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Adverbial

Adverbial

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In grammar
Grammar
In linguistics, grammar is the set of structural rules that govern the composition of clauses, phrases, and words in any given natural language. The term refers also to the study of such rules, and this field includes morphology, syntax, and phonology, often complemented by phonetics, semantics,...

 an adverbial is a word (an adverb
Adverb
An adverb is a part of speech that modifies verbs or any part of speech other than a noun . Adverbs can modify verbs, adjectives , clauses, sentences, and other adverbs....

) or a group of words (an adverbial phrase
Adverbial phrase
An adverbial phrase is a linguistic term for a group of two or more words operating adverbially, when viewed in terms of their syntactic function.Compare the following sentences:*I'll go to bed soon.*I'll go to bed in an hour....

 or an adverbial clause
Adverbial clause
An adverbial clause is a dependent clause that functions as an adverb. In other words, it contains a subject and a predicate, and it modifies a verb.*I saw Joe when I went to the store....

) that modifies or tells us something about the sentence
Sentence (linguistics)
In the field of linguistics, a sentence is an expression in natural language, and often defined to indicate a grammatical unit consisting of one or more words that generally bear minimal syntactic relation to the words that precede or follow it...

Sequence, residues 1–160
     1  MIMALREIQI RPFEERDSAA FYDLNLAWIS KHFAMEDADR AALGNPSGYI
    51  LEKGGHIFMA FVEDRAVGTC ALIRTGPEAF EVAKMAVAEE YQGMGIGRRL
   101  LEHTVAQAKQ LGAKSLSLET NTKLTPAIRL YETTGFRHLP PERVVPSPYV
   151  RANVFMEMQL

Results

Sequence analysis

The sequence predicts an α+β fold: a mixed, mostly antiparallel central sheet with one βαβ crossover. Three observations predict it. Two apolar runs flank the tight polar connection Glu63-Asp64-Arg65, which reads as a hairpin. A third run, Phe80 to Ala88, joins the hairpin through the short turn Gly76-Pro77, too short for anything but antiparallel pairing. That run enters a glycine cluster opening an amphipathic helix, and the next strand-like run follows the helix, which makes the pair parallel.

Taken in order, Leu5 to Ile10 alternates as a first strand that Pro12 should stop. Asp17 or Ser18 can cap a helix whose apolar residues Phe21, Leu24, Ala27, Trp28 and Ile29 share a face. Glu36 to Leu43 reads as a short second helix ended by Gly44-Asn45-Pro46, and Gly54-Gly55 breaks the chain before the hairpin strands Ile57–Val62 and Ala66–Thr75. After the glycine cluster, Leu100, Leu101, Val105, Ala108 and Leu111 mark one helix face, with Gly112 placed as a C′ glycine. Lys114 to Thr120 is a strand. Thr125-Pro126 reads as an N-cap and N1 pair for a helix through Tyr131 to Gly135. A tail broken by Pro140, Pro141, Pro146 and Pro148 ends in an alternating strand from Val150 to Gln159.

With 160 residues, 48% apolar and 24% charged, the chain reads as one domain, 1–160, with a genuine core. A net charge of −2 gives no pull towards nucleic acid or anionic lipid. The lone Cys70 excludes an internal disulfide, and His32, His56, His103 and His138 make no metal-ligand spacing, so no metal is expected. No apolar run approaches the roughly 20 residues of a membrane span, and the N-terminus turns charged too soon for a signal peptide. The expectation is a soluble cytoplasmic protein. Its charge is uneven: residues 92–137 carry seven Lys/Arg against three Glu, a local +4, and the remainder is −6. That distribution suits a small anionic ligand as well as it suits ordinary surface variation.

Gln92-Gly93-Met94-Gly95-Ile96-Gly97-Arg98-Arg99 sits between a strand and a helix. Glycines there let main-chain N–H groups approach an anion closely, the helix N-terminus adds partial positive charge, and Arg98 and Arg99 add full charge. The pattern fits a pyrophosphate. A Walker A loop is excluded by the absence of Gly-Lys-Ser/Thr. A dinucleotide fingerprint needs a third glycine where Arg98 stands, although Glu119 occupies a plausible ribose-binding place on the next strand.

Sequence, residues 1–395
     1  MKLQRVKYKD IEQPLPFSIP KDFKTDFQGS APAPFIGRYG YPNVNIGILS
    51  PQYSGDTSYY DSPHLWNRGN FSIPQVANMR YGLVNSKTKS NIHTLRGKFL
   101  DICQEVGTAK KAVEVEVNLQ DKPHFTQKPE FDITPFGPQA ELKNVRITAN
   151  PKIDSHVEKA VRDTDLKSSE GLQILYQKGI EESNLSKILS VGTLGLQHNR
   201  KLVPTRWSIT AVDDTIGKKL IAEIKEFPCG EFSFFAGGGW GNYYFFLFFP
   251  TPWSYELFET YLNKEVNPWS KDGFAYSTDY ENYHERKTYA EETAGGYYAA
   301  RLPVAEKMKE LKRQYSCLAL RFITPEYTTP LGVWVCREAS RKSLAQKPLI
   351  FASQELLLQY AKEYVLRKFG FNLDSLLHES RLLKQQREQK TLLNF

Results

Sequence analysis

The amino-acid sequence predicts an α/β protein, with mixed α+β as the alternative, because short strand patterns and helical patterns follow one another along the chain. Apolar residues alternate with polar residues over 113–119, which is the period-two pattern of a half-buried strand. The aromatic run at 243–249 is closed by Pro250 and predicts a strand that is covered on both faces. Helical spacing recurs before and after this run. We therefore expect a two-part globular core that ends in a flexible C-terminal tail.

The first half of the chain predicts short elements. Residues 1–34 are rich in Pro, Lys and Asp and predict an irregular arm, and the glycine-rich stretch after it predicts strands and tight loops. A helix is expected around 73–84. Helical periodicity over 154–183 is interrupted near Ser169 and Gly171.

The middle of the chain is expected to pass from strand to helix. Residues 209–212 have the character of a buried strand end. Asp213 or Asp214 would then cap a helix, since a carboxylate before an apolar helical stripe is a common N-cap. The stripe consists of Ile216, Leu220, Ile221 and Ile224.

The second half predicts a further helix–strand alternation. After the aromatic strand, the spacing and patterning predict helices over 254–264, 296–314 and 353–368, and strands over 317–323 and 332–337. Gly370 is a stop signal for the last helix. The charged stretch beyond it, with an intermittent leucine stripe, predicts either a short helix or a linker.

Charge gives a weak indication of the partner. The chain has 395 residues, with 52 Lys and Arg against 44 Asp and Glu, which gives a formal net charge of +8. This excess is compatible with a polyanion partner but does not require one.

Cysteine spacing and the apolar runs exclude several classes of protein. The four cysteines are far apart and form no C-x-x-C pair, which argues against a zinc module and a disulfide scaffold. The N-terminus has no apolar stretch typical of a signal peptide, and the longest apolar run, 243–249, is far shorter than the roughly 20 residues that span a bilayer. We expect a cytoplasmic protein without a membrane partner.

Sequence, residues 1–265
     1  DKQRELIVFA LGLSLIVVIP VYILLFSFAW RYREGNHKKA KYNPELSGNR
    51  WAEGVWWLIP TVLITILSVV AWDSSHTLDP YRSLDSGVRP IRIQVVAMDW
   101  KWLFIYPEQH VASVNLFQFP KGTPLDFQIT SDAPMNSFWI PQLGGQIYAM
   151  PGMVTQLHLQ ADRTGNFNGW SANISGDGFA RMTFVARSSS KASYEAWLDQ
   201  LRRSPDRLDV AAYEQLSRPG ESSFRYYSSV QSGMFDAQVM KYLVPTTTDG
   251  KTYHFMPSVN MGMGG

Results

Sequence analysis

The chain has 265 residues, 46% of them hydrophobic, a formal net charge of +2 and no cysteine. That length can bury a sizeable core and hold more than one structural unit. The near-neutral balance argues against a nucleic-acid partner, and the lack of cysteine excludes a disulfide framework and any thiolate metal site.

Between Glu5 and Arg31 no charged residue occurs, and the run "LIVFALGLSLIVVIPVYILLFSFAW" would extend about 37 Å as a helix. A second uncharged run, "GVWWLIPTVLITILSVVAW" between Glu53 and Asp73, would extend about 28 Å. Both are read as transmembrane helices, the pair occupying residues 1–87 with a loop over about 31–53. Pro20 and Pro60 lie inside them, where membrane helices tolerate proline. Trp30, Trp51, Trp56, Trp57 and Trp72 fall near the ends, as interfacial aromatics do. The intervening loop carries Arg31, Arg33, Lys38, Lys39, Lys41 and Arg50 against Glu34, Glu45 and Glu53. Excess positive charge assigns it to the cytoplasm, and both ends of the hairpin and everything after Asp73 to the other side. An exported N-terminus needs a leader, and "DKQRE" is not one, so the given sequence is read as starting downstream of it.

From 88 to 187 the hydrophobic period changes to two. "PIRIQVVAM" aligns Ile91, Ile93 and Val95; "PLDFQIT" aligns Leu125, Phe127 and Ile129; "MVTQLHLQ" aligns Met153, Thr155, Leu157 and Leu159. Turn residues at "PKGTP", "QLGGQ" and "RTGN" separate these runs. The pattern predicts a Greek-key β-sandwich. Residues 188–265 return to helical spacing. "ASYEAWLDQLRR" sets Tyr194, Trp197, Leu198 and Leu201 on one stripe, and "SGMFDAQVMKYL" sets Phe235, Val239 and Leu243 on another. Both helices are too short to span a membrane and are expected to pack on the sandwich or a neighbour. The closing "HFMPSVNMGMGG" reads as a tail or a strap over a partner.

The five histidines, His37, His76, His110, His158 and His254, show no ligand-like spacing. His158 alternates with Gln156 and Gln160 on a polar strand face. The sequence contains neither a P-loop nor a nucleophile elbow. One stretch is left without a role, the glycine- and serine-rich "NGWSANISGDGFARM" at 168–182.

or the verb
Verb
A verb, from the Latin verbum meaning word, is a word that in syntax conveys an action , or a state of being . In the usual description of English, the basic form, with or without the particle to, is the infinitive...

. The word adverbial is also used as an adjective, meaning 'having the same function as an adverb'. Look at the examples below:
Danny speaks fluently. (telling us more about the verb)
Lorna ate breakfast yesterday morning.

The form of adverbials


In English, adverbials most commonly take the form of adverbs, adverb phrases, temporal noun phrase
Noun phrase
In grammar, a noun phrase, nominal phrase, or nominal group is a phrase based on a noun, pronoun, or other noun-like word optionally accompanied by modifiers such as adjectives....

s or prepositional phrases. Many types of adverbials (for instance reason and condition) are often expressed by clauses.
James answered immediately. (adverb)
James answered in English. (prepositional phrase)
James answered this morning. (noun phrase)